KC committee opposes Dakota pipeline that would run under Missouri River

By Lynn Horsley, originally posted on November 9, 2016


More than 100 people packed the Kansas City Council chamber Wednesday in opposition to the planned Dakota Access Pipeline that would run under the Missouri River.

The Public Safety and Neighborhoods committee endorsed the environmental justice resolution in support of the Standing Rock Sioux Tribal Council, and the measure goes to the full Council Thursday for debate.

At first, resolution sponsor Katheryn Shields said she was going to pull her measure because she was heartbroken by Tuesday’s election. She said she felt the incoming Donald Trump administration and Republican Congress might well defund the Environmental Protection Agency, and her resolution against the pipeline development would just fall on deaf ears in Washington, D.C.

But after impassioned appeals from members of the crowd, Shields relented and voted to advance her resolution to the council for Thursday’s vote.

Councilmembers Alissia Canady and Quinton Lucas agreed, although Lucas said he may vote against the measure Thursday because he believes it’s a federal matter, not a city matter. Councilwoman Heather Hall left the meeting before the vote.

Shields said the testimony convinced her the resolution sent a crucial message to the Native American tribes fighting the pipeline, “to say we support them.”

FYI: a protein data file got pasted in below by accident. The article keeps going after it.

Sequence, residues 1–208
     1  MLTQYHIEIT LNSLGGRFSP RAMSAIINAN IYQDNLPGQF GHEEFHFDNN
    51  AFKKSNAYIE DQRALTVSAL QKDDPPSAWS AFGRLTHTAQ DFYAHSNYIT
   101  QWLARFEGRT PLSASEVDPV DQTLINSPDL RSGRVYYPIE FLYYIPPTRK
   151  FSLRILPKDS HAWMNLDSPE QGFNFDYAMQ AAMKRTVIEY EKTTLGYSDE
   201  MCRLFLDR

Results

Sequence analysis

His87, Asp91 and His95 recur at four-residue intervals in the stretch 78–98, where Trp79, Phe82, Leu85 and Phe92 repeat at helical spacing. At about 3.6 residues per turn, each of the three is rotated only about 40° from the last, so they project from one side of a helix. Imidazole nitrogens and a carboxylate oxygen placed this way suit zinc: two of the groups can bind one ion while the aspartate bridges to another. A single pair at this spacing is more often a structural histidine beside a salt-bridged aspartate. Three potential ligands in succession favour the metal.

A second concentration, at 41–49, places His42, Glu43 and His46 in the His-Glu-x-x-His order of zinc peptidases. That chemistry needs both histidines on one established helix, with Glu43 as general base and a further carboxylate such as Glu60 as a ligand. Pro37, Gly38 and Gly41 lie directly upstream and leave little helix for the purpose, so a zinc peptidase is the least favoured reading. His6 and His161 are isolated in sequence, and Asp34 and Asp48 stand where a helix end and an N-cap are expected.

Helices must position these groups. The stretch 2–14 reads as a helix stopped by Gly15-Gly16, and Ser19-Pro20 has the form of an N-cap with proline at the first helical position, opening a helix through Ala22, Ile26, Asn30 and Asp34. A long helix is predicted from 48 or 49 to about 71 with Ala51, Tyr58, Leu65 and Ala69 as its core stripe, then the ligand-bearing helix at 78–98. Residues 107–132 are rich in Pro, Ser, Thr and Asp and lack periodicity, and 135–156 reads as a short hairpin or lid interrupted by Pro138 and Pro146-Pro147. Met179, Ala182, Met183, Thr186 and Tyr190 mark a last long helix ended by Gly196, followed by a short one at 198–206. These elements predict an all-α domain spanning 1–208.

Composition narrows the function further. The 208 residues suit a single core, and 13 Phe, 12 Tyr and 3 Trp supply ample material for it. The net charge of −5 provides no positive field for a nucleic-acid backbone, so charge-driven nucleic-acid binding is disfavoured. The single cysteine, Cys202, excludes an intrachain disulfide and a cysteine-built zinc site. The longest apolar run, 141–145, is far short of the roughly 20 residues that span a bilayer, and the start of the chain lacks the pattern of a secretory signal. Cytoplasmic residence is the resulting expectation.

Tearfully, she added, “Whether anyone in Washington listens is beside the point.”

The crowd at City Hall is fighting the proposed pipeline, which would carry a half million barrels per day of crude oil from the Bakken shale oil fields of North Dakota to Illinois, would could adversely affect the Missouri River watershed and fragile landscapes and Native American cultural resources.

The committee was asked to endorse a resolution similar to one adopted by St. Louis; St. Paul, Minn.; and Cleveland elected leaders, in opposition to the pipeline and in support of the Standing Rock Sioux Tribal Council.

Supporters worry the pipeline could contaminate Missouri River drinking water along and downstream from the proposed route, through North and South Dakota, Iowa and Illinois. The Missouri River is the drinking water source for Kansas City and many other cities in Missouri.

Environmental activists see the pipeline as a threat to Native American sacred spaces and to the Missouri River watershed. Kansas City Chief Environmental Officer Dennis Murphey cited oil spills in recent years in the Yellowstone and Kalamazoo rivers as indicative of the risks.

John Fish Kurmann, a member of 350 Kansas City, a climate action organization, testified Wednesday that climate change is an emergency that the City Council should not ignore.

“Now is not the time to go into a defensive crouch,” he said. “Now is not the time to back down.”

Mary Benrud of the Kansas City area said she had spent three weeks at Standing Rock in solidarity with protesters there, on behalf of her children and grandchildren.

“I want my children to have clean drinking water,” she said, adding that the resolution would be a great encouragement to the tribes protesting the project.

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